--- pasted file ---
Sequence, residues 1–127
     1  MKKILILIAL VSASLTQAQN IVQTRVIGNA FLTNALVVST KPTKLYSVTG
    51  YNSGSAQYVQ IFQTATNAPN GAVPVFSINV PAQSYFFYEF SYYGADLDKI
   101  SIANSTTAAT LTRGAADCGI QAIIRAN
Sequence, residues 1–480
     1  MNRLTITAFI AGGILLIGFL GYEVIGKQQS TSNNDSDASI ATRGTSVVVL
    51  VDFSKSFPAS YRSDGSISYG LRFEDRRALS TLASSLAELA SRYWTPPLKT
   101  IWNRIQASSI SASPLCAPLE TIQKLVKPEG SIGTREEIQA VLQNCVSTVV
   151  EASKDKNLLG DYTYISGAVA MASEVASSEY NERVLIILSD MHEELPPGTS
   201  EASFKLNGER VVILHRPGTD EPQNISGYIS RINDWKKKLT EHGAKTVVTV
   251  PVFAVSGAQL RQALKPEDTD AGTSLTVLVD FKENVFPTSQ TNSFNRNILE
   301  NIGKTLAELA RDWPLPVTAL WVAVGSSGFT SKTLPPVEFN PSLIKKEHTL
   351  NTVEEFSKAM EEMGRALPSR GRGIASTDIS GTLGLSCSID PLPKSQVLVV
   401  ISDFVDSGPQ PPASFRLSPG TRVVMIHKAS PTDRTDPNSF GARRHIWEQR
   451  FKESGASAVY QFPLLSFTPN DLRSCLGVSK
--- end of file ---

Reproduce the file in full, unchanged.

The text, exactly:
Sequence, residues 1–127
     1  MKKILILIAL VSASLTQAQN IVQTRVIGNA FLTNALVVST KPTKLYSVTG
    51  YNSGSAQYVQ IFQTATNAPN GAVPVFSINV PAQSYFFYEF SYYGADLDKI
   101  SIANSTTAAT LTRGAADCGI QAIIRAN
Sequence, residues 1–480
     1  MNRLTITAFI AGGILLIGFL GYEVIGKQQS TSNNDSDASI ATRGTSVVVL
    51  VDFSKSFPAS YRSDGSISYG LRFEDRRALS TLASSLAELA SRYWTPPLKT
   101  IWNRIQASSI SASPLCAPLE TIQKLVKPEG SIGTREEIQA VLQNCVSTVV
   151  EASKDKNLLG DYTYISGAVA MASEVASSEY NERVLIILSD MHEELPPGTS
   201  EASFKLNGER VVILHRPGTD EPQNISGYIS RINDWKKKLT EHGAKTVVTV
   251  PVFAVSGAQL RQALKPEDTD AGTSLTVLVD FKENVFPTSQ TNSFNRNILE
   301  NIGKTLAELA RDWPLPVTAL WVAVGSSGFT SKTLPPVEFN PSLIKKEHTL
   351  NTVEEFSKAM EEMGRALPSR GRGIASTDIS GTLGLSCSID PLPKSQVLVV
   401  ISDFVDSGPQ PPASFRLSPG TRVVMIHKAS PTDRTDPNSF GARRHIWEQR
   451  FKESGASAVY QFPLLSFTPN DLRSCLGVSK